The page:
The scale and speed of the Coronavirus pandemic was like nothing else the world has experienced. Businesses had to think fast, and, whether planned or unplanned, set themselves on the path the recovery. Studies suggest that this recovery will be relatively slow. McKinsey, for example, predicts that it will take Europe until 2023 before economic activity reaches pre-Coronavirus crisis levels. However, indications from China suggest a quick bounce-back could happen too. So, what does the road to recovery look like? Here is a five-step business approach to help build a successful recovery plan.
Stage One: Withstanding The Initial Impact
This is the first stage for many businesses, and the recent pandemic has perhaps shown some organisations that having a structure in place is vital at this time. When the virus spread and lockdown became commonplace across the world, many businesses had to think fast and act quickly to ensure the business had what it needed.
The first step for any business facing a crisis is to look for methods that support business continuation.
Digitisation is key in this stage. This was shown through many retailers selling out of laptops as organisations looked to continue their business through home-working. Similarly, video conferencing functions such as Zoom also increased heavily during the lockdown. With daily users jumping from 10 million to over 200 million, it became the way to connect with the office and colleagues and create a makeshift work environment.
As well as utilising technology where possible to improve business continuity, this stage required a considerable communication effort. From emails to clients, calls to suppliers, communication on social media and everything in between. The initial phase focuses on making sure the business is braced for impact and being able to deliver an emergency response.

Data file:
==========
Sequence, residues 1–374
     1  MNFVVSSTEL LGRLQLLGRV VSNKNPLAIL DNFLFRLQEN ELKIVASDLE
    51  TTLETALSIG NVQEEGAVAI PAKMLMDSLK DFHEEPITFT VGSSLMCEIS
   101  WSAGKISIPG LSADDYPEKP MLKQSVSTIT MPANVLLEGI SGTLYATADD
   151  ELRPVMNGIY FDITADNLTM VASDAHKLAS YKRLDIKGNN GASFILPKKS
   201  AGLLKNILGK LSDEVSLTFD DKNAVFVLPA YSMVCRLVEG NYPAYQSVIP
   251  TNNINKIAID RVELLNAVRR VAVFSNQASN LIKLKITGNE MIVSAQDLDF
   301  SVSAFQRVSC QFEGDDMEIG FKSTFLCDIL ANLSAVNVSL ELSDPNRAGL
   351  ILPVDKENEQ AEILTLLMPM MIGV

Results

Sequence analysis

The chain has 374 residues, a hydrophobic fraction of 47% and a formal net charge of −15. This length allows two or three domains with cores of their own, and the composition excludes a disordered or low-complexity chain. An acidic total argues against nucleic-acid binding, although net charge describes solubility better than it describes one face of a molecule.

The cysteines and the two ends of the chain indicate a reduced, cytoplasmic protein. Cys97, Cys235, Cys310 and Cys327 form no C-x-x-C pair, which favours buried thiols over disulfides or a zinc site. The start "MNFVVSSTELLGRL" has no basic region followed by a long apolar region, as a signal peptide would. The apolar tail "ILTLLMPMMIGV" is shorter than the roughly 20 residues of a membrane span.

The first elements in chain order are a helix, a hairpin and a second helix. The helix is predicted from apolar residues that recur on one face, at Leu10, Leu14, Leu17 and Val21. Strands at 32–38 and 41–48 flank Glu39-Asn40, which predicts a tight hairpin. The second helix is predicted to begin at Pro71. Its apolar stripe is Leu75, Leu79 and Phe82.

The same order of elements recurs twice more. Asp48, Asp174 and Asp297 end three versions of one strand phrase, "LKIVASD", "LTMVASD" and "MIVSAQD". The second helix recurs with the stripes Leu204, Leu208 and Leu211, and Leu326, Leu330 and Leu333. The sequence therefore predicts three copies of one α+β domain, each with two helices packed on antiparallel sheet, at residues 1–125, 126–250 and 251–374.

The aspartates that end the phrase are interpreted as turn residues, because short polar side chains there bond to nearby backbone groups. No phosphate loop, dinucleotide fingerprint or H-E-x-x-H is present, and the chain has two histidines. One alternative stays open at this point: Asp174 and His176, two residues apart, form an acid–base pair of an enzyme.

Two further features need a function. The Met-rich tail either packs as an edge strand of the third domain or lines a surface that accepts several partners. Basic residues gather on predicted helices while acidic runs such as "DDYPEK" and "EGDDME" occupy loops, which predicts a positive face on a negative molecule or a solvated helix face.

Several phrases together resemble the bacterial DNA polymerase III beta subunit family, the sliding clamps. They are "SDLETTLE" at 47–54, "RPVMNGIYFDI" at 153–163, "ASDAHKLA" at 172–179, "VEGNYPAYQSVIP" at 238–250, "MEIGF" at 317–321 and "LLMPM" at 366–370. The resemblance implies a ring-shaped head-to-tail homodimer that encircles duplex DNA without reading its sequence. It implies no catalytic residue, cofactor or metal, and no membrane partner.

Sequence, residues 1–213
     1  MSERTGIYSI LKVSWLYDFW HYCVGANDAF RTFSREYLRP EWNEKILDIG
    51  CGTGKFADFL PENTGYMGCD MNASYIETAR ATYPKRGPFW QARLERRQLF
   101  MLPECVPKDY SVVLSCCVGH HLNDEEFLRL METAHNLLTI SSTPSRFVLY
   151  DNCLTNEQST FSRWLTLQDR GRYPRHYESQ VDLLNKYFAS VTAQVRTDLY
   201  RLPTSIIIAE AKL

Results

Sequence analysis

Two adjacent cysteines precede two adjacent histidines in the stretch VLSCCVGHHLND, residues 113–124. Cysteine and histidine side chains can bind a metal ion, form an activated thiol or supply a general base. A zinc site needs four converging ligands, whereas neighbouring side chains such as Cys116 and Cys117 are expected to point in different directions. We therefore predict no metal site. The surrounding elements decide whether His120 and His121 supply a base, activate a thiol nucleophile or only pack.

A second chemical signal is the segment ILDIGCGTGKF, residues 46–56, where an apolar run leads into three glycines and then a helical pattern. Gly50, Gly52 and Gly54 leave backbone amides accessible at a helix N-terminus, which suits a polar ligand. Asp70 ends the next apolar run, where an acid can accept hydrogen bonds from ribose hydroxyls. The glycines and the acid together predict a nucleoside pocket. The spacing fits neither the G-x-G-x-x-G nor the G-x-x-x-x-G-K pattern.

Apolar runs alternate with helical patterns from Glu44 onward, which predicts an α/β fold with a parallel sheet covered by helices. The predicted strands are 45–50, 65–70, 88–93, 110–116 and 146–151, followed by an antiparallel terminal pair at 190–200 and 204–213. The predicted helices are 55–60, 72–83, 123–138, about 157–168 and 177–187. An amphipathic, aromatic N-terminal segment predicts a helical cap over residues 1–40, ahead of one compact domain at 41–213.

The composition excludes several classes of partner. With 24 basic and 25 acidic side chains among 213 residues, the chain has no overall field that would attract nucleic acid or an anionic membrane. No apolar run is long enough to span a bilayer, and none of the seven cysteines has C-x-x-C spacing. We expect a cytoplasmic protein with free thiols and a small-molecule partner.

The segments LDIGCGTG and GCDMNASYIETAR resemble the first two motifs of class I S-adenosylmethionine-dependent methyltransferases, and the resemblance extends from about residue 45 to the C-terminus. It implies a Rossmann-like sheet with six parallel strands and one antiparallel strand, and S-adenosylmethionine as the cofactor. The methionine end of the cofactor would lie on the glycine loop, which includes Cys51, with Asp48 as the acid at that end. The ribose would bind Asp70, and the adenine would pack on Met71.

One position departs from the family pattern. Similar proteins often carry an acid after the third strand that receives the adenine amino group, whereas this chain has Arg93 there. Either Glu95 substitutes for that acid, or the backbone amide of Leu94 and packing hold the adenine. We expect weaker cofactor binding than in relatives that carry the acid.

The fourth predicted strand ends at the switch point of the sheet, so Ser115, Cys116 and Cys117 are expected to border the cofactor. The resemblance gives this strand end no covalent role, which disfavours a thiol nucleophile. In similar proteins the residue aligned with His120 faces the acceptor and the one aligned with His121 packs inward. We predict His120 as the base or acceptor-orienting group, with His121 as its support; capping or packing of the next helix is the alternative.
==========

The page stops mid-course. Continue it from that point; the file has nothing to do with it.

Planning for your business: What can your organisation put in place to help make sure you can have business continuity for all emergencies? Are all your communication lines running smoothly? Is your customer and supplier data all up to date?
Stage Two: Explore Short-Term Opportunities
If, with business continuity in place, your team still has free time, or could still work harder to improve operations then now is the time to explore any new opportunities or sales channels that may present themselves during a crisis. For example, looking to increase your e-commerce if your foot traffic is down or offering one-off solutions rather than a commitment to an annual package.
It can also be a time to consider any marketing or brand-building opportunities. Your customers may not be in the position to buy during a crisis. However, by maintaining that marketing effort and keeping up your customer communication is the best way to stay in the mindset of your customer. This is so that you’re the first brand they think of when they’re ready to make a purchase.